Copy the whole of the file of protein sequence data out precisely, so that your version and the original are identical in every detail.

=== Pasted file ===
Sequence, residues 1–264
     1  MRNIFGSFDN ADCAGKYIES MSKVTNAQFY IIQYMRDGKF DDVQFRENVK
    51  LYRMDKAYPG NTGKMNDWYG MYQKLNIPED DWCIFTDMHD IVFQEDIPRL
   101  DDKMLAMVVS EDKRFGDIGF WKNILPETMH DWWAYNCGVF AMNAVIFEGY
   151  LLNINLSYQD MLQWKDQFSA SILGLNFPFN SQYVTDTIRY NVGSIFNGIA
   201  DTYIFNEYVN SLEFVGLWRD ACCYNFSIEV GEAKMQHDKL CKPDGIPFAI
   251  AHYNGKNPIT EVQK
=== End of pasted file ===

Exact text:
Sequence, residues 1–264
     1  MRNIFGSFDN ADCAGKYIES MSKVTNAQFY IIQYMRDGKF DDVQFRENVK
    51  LYRMDKAYPG NTGKMNDWYG MYQKLNIPED DWCIFTDMHD IVFQEDIPRL
   101  DDKMLAMVVS EDKRFGDIGF WKNILPETMH DWWAYNCGVF AMNAVIFEGY
   151  LLNINLSYQD MLQWKDQFSA SILGLNFPFN SQYVTDTIRY NVGSIFNGIA
   201  DTYIFNEYVN SLEFVGLWRD ACCYNFSIEV GEAKMQHDKL CKPDGIPFAI
   251  AHYNGKNPIT EVQK